Thursday, July 26, 2007

Making Connections: An Algebra Problem -- Or Is it Geometry? Or Both?

Lines L and M are perpendicular. Line L contains (0,0). Lines L and M intersect at A(5,2). Find x.

(1) Would students in geometry be more likely to consider some or all of the following: similar triangles, altitudes on hypotenuse theorems, areas, Pythagorean approaches? If this were presented as a coordinate problem in Algebra 2, what would be the most likely approach? Would some students use the distance formula?
(2) As always, it is our role as educators to present these kinds of challenges and to encourage students to think more deeply. Making connections between algebra and geometry happens naturally for some, but certainly not for all! We must enable this dialogue via the classroomm environment we establish and the kinds of questions we ask. It is important to first decide the goal. What concepts are we trying to develop? Slope? Ratios of corresponding parts? How many students never make the connection between the two!
(3) The answer is 29/5 or 5.8. Think of at least two methods!

mathmom said...

The first method that came to me I think is an Algebra I method.

The slope of line L is 2/5. Since line M is perpendicular, its slope is -5/2. (Is that an AlgI concept?)

Using point-slope form (definitely Alg1 around here), the equation of line M is y - 2 = -5/2 (x-5)

Set y=0 and solve for x, reveals that x=29/5 as expected.

I don't see a clever geometric approach, but using that old standby Pythagoras:

|OA| = sqrt(29)
|AC| = sqrt(4+(x-5)^2)
x^2 = |OA|^2 + |AC|^2
= 29 + 4 + x^2 - 10x + 25
10x = 58 and again x=29/5 QED

Totally_clueless said...

If the students are not familiar with the relationship between the slopes of perpendicular lines, then I would expect them to use geometric approaches.

Approach 1.5 (from Mathmom's terminlogy) is to use the line equation of the form y=-5/2x+C, find C, and then find x

Approach 3 is to calculate twice the area of the triangle as the product of the two legs or the the base and the altitude, and equate them. It takes some algebra, and then you realize the quadratic you have has special properties, which makes the solution easier. It is far easier to make silly calculation mistakes as you make your methods more involved (unnecessarily, IMHO)

TC

Dave Marain said...

I had to post this problem quickly today to get the bad taste of those Roman Numerals out of my mouth!

Seriously, mathmom and tc, your solutions are great. Several of the stronger students used the equations of lines to solve it. Two students used the altitude on hypotenuse theorem (it always amazes me when students can retain this after a couple of years.)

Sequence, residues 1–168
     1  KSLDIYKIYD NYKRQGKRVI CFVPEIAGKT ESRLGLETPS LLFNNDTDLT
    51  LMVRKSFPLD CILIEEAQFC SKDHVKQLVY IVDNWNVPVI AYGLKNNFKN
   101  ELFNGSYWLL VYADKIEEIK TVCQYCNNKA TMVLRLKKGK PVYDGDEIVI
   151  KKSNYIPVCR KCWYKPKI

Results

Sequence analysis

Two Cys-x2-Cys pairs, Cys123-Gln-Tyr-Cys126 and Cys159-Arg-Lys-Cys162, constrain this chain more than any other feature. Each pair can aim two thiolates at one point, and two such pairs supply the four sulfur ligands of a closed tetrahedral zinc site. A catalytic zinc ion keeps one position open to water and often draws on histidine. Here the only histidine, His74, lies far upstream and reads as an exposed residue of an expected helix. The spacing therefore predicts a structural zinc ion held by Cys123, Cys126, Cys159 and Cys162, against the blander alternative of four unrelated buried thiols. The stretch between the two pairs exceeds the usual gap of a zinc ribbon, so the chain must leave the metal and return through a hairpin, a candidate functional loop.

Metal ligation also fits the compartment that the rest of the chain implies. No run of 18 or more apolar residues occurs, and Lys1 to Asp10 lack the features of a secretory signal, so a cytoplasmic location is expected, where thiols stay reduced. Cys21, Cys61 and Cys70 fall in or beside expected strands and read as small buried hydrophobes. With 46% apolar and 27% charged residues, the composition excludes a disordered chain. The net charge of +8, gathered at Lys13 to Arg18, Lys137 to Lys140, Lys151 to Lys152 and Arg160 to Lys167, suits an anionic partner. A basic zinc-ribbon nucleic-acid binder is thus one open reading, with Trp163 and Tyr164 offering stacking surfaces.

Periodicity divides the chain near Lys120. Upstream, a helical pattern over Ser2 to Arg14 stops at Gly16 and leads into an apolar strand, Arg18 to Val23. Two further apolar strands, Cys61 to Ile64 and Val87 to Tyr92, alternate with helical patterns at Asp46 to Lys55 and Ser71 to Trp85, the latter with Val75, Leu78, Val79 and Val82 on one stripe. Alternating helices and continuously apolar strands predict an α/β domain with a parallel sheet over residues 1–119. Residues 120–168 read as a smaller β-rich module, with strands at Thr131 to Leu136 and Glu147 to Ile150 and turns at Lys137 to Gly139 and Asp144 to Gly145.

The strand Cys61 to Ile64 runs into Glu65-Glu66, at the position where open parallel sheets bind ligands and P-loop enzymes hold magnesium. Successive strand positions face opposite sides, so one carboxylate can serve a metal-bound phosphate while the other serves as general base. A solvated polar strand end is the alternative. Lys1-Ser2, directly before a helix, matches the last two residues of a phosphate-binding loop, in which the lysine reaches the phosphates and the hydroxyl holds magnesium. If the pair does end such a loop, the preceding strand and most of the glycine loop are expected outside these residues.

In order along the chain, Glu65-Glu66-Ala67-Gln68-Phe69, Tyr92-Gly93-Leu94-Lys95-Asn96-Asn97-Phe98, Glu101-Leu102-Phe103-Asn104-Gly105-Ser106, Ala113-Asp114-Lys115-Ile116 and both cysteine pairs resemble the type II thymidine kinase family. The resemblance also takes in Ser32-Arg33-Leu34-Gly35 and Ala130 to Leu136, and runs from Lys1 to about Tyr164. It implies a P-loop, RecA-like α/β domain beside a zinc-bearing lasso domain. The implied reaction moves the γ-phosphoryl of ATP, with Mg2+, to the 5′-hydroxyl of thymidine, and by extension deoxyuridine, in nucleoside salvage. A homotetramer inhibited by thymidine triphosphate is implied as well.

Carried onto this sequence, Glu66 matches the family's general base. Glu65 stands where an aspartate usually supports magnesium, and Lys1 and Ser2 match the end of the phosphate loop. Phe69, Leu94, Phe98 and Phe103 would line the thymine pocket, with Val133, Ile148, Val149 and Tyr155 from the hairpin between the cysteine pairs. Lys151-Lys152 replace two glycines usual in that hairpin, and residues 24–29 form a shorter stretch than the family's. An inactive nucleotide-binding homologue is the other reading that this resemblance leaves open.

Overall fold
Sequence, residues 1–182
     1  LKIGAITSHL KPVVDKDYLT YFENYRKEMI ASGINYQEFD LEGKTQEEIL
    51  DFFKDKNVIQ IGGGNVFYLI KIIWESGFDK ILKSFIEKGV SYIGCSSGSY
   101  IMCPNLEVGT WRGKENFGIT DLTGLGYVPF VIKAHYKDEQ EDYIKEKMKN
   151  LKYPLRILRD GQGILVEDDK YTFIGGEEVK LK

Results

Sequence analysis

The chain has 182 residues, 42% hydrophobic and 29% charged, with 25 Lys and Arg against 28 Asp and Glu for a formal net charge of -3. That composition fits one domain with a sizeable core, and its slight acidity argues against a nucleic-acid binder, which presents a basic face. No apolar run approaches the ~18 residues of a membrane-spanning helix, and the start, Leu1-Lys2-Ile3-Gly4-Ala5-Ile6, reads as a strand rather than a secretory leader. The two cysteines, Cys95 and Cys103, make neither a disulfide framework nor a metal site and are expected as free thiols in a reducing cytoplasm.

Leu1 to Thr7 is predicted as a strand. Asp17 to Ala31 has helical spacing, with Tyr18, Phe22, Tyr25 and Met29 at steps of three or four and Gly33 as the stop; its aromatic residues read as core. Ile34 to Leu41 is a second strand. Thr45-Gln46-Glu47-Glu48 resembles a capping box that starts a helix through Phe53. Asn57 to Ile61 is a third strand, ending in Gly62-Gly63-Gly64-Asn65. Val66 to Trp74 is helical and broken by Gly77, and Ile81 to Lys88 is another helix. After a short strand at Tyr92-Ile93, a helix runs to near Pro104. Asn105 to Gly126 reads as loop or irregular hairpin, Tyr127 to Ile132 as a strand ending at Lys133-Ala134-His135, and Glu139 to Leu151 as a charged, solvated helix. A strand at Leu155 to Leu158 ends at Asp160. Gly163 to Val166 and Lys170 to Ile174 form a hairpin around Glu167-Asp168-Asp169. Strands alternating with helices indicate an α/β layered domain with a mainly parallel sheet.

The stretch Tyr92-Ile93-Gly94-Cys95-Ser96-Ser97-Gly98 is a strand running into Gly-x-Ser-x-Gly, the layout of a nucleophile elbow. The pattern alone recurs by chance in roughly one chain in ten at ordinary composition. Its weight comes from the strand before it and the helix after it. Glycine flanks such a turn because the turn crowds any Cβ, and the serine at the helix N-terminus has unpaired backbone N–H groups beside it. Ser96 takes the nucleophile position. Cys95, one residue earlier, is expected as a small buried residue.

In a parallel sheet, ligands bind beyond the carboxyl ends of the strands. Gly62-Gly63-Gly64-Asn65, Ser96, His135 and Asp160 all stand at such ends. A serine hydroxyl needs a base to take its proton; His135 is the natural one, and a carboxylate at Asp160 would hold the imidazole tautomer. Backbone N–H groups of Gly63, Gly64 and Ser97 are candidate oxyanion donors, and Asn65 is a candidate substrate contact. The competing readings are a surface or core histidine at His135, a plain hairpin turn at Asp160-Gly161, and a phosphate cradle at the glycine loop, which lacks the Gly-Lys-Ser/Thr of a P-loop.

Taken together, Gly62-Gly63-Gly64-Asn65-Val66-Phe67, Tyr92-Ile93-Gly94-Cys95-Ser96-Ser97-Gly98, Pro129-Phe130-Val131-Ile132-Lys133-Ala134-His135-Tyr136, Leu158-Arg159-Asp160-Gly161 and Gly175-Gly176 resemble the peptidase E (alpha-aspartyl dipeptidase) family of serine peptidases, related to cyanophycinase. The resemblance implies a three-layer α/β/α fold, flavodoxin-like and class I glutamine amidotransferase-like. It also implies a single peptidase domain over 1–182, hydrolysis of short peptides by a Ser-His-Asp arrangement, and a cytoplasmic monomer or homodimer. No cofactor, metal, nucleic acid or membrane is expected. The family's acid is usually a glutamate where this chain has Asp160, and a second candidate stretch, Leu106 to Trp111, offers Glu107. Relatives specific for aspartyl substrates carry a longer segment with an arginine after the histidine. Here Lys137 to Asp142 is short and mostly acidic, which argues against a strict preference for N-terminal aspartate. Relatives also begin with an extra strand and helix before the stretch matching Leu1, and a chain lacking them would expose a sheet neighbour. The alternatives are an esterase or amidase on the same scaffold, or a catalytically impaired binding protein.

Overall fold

Using O for the origin and dropping the altitude from point A to point B on the x-axis, we can apply the geometric mean idea in a nice way:
(AB)^2 = (OB)(BC) or
2^2 = (5)(BC) --> BC = 0.8.
Therefore, x = OC = 5.8. Voila!
Yes, students are more likely to recall the similar triangles approach or using areas but it's always nice to see how the geometric mean actually makes things easy!
Now, for the algebra...
Virtually none of the students used the definition of slope directly. Rather than worry about the equation of the line, proceed as follows:
1. slope of OA = 2/5
2. Therefore, slope of line AC = -5/2.
3. Therefore, (2-0)/(5-x) = -5/2 and x = 29/5. No need to worry about the point-slope or other forms.

mathmom said...

Therefore, (2-0)/(5-x) = -5/2 and x = 29/5. No need to worry about the point-slope or other forms.

Too simple. ;-)

mathmom said...

Approach 1.5 (from Mathmom's terminlogy) is to use the line equation of the form y=-5/2x+C, find C, and then find x

Wait, find C seems like a big handwave there. I think it's just as hard to find C (y-intercept) as it is to directly find x (x-intercept) unless I'm missing something.

mathmom said...

the altitude on hypotenuse theorem .... which is what, exactly?

Dave Marain said...

mathmom--
The altitude to the hypotenuse of a right triangle divides the triangle into 2 smaller right triangles, each of which is similar to the original. There are several proportions that result but the most famous one states that the altitude is the geometric mean between the two parts of the hypotenuse (hard to explain without a diagram). If the two segments on the hypotenuse have lengths a and b and the altitude has length h, then this can be set up as:
a/h = h/b or
h^2 = ab
or h = SQRT(ab), the definition of the geometric mean between a and b.
Hard for students to retain this fact but geometric means are fascinating stuff...

peter said...

hi mr. marain! this is peter from michael academy. haha, i spotted your blog after all.

Totally_clueless said...

Hi Mathmom,

You know the equation of the line is y=-5/2x+C and that is passes through (5,2). Thus, you can find C.

It is up to one's preference to wave or flail your hands when doing this :-)

TC